Bridging the gap when buying property at auction
With news from Auction Finance revealing a significant uplift in the number of people buying property at auctions, Head of Property Lynne McCaffrey is here to explain how this can differ from the normal buying process and why buyers may need to take out a bridging loan in the first instance:
“Auction Finance’s figures are pretty impressive – a 78 per cent increase in sales, a record breaking 3000 lots sold and a total amount raised through residential property sales surpassing the £3bn barrier for the first time in seven years. It all suggests one thing, auction property sales are on the up.
“The thing with properties bought at auction they often have a much faster turnaround time than a standard purchase through an estate agent. In fact, according to Auction Finance, about three quarters of all properties bought at auction completed and exchanged within four weeks. In normal circumstances mainstream lenders might not have even issued the mortgage offer by then.
“That’s why people buying property at auction often take out a bridging loan, or short term loan as it is often referred to as, for the initial purchase before switching to a standard mortgage at a later date once the deal is done.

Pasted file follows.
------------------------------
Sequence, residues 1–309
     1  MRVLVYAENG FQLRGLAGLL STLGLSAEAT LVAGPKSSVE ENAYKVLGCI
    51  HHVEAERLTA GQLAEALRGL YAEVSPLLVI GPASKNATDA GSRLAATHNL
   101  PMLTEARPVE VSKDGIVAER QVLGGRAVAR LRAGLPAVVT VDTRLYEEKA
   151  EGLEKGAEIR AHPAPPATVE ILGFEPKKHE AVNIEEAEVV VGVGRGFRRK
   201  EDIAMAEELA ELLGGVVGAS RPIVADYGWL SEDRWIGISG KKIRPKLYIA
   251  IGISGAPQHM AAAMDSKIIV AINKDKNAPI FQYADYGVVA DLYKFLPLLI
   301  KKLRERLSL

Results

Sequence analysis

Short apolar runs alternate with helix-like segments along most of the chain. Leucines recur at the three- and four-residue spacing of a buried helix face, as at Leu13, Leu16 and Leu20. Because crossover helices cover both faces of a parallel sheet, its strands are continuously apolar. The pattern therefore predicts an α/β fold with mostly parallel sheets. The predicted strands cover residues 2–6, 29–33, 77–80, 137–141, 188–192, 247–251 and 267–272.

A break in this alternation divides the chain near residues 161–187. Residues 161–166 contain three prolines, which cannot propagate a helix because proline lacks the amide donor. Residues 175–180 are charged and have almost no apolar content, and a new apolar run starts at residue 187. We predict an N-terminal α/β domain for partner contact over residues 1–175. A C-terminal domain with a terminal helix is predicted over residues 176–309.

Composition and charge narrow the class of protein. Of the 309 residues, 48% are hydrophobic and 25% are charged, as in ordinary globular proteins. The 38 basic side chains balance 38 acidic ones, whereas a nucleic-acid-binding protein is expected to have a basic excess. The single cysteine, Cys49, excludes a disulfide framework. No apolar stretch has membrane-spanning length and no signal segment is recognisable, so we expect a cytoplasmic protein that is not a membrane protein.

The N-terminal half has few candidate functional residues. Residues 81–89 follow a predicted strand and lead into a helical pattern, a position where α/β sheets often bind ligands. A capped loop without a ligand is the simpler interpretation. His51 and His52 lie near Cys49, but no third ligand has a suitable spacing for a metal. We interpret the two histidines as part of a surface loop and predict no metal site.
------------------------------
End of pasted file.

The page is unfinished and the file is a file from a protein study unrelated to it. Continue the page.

“Bridging loans are great for situations such as this but it’s important for anyone taking out a short term loan to understand that they are not suitable as a replacement for long term finance; you need to be able to repay it by the due date or there will likely be significant financial implications.
“Bridging loans are a highly specialised area and need a solicitor who is highly familiar and experienced in this arena. Our expertise has been recognised within the industry when we were named the ‘Highly Commended Legal Partner’ at the Bridging and Commercial Awards.
“For the right client, in the right circumstances, bridging can be a valuable funding tool. They are particularly useful for landlords and property investors looking to purchase run down properties to refurbish and sell on or convert into rental properties and HMOs.”
Content correct at time of publication